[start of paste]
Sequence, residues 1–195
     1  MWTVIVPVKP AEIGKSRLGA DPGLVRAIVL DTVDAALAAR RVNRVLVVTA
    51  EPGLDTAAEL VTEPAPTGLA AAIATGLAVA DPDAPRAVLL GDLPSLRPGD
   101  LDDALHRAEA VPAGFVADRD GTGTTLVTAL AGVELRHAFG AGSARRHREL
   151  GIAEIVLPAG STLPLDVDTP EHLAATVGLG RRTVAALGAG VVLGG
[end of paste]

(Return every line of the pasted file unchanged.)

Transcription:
Sequence, residues 1–195
     1  MWTVIVPVKP AEIGKSRLGA DPGLVRAIVL DTVDAALAAR RVNRVLVVTA
    51  EPGLDTAAEL VTEPAPTGLA AAIATGLAVA DPDAPRAVLL GDLPSLRPGD
   101  LDDALHRAEA VPAGFVADRD GTGTTLVTAL AGVELRHAFG AGSARRHREL
   151  GIAEIVLPAG STLPLDVDTP EHLAATVGLG RRTVAALGAG VVLGG